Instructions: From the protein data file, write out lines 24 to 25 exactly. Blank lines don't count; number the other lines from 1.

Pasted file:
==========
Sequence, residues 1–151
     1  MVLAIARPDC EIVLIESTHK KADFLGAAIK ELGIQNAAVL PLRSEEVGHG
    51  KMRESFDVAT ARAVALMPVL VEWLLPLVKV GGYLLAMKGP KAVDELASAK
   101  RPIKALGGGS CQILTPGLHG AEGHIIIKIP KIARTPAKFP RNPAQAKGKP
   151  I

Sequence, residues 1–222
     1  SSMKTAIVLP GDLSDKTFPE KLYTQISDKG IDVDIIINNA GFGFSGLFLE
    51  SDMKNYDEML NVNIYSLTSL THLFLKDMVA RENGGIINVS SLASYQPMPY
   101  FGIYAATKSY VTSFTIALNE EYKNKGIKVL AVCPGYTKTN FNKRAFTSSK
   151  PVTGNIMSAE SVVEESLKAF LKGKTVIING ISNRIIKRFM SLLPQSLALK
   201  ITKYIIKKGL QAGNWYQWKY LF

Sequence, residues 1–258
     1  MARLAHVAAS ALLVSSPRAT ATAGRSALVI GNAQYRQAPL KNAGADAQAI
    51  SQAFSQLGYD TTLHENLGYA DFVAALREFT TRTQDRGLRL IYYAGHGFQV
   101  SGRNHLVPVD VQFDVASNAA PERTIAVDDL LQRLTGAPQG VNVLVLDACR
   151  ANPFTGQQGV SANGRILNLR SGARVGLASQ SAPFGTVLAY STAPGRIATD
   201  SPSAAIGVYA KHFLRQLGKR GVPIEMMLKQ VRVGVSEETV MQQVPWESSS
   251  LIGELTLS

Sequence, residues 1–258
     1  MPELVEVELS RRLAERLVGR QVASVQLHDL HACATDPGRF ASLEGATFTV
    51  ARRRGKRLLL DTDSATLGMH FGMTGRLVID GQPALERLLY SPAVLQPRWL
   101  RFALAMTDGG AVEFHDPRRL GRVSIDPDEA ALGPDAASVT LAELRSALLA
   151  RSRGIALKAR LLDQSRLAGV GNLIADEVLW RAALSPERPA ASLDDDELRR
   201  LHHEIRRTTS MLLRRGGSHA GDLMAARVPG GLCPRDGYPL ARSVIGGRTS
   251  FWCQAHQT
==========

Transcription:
   201  LHHEIRRTTS MLLRRGGSHA GDLMAARVPG GLCPRDGYPL ARSVIGGRTS
   251  FWCQAHQT